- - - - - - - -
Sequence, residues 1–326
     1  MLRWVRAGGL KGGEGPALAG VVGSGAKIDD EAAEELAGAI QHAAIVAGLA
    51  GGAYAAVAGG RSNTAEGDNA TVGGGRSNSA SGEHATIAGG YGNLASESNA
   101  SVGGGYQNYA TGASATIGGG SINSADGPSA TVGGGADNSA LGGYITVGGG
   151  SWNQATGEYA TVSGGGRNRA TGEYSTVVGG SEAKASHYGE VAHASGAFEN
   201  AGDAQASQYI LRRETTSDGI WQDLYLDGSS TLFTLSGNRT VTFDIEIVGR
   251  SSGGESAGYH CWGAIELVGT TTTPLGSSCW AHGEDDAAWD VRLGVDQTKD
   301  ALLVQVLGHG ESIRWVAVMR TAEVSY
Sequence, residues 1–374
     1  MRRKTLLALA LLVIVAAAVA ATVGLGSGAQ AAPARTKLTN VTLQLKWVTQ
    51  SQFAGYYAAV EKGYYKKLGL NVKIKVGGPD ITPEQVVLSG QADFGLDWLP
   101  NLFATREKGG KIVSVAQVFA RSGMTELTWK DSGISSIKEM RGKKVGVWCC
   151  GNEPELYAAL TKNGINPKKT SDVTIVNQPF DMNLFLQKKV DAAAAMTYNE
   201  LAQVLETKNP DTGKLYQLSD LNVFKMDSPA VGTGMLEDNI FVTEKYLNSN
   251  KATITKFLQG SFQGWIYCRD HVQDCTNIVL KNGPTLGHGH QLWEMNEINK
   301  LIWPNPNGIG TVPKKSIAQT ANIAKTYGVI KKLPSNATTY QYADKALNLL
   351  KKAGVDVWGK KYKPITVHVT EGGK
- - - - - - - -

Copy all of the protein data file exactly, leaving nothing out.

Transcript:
Sequence, residues 1–326
     1  MLRWVRAGGL KGGEGPALAG VVGSGAKIDD EAAEELAGAI QHAAIVAGLA
    51  GGAYAAVAGG RSNTAEGDNA TVGGGRSNSA SGEHATIAGG YGNLASESNA
   101  SVGGGYQNYA TGASATIGGG SINSADGPSA TVGGGADNSA LGGYITVGGG
   151  SWNQATGEYA TVSGGGRNRA TGEYSTVVGG SEAKASHYGE VAHASGAFEN
   201  AGDAQASQYI LRRETTSDGI WQDLYLDGSS TLFTLSGNRT VTFDIEIVGR
   251  SSGGESAGYH CWGAIELVGT TTTPLGSSCW AHGEDDAAWD VRLGVDQTKD
   301  ALLVQVLGHG ESIRWVAVMR TAEVSY
Sequence, residues 1–374
     1  MRRKTLLALA LLVIVAAAVA ATVGLGSGAQ AAPARTKLTN VTLQLKWVTQ
    51  SQFAGYYAAV EKGYYKKLGL NVKIKVGGPD ITPEQVVLSG QADFGLDWLP
   101  NLFATREKGG KIVSVAQVFA RSGMTELTWK DSGISSIKEM RGKKVGVWCC
   151  GNEPELYAAL TKNGINPKKT SDVTIVNQPF DMNLFLQKKV DAAAAMTYNE
   201  LAQVLETKNP DTGKLYQLSD LNVFKMDSPA VGTGMLEDNI FVTEKYLNSN
   251  KATITKFLQG SFQGWIYCRD HVQDCTNIVL KNGPTLGHGH QLWEMNEINK
   301  LIWPNPNGIG TVPKKSIAQT ANIAKTYGVI KKLPSNATTY QYADKALNLL
   351  KKAGVDVWGK KYKPITVHVT EGGK